UK Wind Farms Paid Record £9.3 Million to NOT Run for One Day

LIVERPOOL, UNITED KINGDOM - MAY 12: Turbines of the new Burbo Bank off shore wind farm lay in the wake of a maintenance boat in the mouth of the River Mersey on May 12, 2008 in Liverpool, England. The Burbo Bank Offshore Wind Farm comprises 25 wind turbines and is …
Christopher Furlong/Getty Images

The British taxpayer will be footing the majority of a record £9.3 million bill that was paid to wind farms not to run their giant turbines.

On Friday, over 80 wind farms in England and Scotland were given “constraint payments” from the National Grid in exchange for shutting down production of their supposedly green energy. The payout is nearly double the previous record of £4.8 million in October of 2018.

The reason for the shutdown of production was so that the grid would not be overloaded with energy during a time in which many businesses are shut due to the coronavirus lockdown.

The British public will be on the hook for £6.9m that was sent to 66 Scottish wind farms and an additional £1.9m to 14 sites in England.

The director of the Renewable Energy Foundation, Dr John Constable told The Telegraph: “Overdeployment of renewables in the UK, particularly uncontrollable wind and solar, has resulted in a very fragile electricity system, which is inflexible and unable to deal with accidents and unexpected circumstances at a reasonable cost to consumers.”

“Grid balancing expenditure so far this year is already horrific and by the end of the summer it will be terrifying,” Constable added.

“This is a national embarrassment and a disgrace to the management of the electricity sector who have complacently allowed this crisis to develop over the last decade,” he lamented.

The Renewable Energy Foundation revealed that 86 wind farms across the country were given a record £136 in “constraint payments” last year alone.

The unpredictable nature of wind electricity and other forms of “green energy” like solar power is referred to as intermittency — one of the biggest problems the renewable industry has faced in trying to become viable.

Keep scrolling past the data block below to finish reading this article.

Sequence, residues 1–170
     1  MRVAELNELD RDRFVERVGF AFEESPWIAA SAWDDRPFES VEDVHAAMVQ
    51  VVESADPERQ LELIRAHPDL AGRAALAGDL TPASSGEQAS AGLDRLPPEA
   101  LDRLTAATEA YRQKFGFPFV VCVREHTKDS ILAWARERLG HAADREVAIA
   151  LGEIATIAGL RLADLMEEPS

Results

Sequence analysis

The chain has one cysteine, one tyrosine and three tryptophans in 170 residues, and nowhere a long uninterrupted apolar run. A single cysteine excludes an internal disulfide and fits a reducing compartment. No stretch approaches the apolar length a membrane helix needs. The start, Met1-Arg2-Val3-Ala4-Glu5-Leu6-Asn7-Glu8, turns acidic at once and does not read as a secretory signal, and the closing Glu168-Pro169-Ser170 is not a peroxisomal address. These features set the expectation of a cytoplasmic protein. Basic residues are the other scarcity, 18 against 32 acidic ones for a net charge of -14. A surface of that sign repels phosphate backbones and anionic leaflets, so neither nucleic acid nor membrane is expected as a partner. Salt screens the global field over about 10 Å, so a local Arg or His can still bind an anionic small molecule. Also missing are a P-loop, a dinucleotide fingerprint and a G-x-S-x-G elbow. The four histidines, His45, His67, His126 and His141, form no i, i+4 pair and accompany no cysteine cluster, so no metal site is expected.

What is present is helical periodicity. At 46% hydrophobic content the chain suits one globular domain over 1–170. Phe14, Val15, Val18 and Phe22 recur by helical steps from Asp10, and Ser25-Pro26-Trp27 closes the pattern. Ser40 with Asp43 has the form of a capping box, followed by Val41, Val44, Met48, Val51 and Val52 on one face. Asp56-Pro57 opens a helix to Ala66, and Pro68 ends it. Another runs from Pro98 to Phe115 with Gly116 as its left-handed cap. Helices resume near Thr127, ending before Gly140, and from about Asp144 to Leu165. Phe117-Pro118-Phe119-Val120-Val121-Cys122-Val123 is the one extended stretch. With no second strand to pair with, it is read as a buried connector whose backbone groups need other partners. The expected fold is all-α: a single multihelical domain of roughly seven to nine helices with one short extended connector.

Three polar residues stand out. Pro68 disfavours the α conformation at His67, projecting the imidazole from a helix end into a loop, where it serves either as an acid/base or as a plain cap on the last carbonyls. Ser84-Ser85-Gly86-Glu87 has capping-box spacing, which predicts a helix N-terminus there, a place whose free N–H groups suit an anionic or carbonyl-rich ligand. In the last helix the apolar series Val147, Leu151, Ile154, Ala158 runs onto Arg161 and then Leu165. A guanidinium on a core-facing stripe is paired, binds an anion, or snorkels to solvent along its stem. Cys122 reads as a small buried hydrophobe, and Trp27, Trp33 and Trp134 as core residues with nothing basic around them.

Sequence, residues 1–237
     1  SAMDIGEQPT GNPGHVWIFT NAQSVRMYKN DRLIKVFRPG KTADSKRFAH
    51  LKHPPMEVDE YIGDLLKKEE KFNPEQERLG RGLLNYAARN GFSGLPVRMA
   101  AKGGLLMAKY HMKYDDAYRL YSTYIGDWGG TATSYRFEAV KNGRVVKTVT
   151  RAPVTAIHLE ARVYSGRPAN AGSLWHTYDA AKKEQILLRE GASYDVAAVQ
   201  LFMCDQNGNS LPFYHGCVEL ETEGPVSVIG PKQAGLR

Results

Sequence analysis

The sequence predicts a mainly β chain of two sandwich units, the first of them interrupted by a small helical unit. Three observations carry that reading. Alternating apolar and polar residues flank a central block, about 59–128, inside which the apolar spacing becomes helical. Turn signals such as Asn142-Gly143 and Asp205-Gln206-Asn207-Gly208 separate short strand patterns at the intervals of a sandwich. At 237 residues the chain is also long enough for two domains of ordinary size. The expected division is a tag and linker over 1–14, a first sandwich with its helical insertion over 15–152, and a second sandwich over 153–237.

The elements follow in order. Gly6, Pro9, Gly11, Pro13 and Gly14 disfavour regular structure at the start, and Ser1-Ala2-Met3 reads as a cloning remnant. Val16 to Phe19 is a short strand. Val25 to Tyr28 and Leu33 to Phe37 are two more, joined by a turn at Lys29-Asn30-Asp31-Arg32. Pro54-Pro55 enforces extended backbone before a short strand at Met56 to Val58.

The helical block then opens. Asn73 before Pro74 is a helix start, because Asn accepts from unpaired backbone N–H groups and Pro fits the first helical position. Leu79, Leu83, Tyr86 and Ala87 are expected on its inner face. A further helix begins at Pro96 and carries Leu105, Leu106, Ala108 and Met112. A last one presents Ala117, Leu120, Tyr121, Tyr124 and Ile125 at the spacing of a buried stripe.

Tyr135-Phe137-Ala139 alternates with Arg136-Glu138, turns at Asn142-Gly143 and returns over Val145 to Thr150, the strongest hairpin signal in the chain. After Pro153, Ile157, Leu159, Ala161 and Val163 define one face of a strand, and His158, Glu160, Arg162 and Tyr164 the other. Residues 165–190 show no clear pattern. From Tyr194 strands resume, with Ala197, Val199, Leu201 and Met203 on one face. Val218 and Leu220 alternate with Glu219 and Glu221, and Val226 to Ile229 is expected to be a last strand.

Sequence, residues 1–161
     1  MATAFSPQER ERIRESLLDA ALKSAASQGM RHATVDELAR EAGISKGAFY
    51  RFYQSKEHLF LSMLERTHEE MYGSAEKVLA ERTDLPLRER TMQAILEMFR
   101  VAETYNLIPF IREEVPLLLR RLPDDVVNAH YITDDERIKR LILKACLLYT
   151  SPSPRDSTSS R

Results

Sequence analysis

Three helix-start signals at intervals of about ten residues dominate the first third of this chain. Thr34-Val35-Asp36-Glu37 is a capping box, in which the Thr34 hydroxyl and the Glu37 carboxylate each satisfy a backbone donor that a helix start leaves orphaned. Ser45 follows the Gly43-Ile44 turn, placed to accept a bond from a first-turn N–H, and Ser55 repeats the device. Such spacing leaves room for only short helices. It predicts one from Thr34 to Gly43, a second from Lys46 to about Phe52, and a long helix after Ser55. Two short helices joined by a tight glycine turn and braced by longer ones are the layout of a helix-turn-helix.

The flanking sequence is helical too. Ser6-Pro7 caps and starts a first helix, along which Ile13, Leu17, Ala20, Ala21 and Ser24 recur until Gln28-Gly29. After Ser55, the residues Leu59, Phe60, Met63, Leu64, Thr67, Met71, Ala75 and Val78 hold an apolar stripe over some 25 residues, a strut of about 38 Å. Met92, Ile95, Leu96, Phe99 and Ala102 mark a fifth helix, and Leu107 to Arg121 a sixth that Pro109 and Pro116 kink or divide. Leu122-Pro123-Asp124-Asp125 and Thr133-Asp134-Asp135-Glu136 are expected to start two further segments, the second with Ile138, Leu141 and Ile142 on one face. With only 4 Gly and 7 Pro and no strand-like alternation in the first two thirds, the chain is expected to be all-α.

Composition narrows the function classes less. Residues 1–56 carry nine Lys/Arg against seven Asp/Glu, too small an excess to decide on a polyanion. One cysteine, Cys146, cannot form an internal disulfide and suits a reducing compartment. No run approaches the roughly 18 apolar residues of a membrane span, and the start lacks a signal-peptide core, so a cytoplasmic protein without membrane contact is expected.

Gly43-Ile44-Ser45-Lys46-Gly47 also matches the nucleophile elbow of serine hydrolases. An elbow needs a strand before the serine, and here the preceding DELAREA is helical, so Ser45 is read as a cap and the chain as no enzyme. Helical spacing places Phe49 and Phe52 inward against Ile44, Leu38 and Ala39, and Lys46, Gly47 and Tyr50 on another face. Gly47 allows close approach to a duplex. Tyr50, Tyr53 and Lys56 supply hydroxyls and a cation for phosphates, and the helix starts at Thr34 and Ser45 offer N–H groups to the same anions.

When there is not enough wind, the machines produce little to no power and when there are high levels of wind, the output places strain on electrical grid systems as there is currently no viable storage system for the energy.

Though often hailed as a solution to the supposed “climate emergency” the true environmental costs of wind turbines is relatively high. The industrial strength magnets that are required to generate electricity out of wind are reliant on rare earth minerals such as neodymium, a mineral that is mostly mined in communist-controlled China.

A 2011 report by journalist Simon Parry found that the mining of neodymium in China had resulted in the creation of a toxic lake outside the Inner Mongolian city of Baotou. Cancer rates soared amongst the neighbouring villagers, and children were reported to have been born with soft bones.

“The reality is that, as Britain flaunts its environmental credentials by speckling its coastlines and unspoiled moors and mountains with thousands of wind turbines, it is contributing to a vast man-made lake of poison in northern China,” wrote Parry.

In January, Boris Johnson’s government pledged to quadruple the amount of wind energy produced offshore as a part of the government’s green agenda, which promises to make the country carbon neutral by 2050.

Follow Kurt on Twitter at @KurtZindulka


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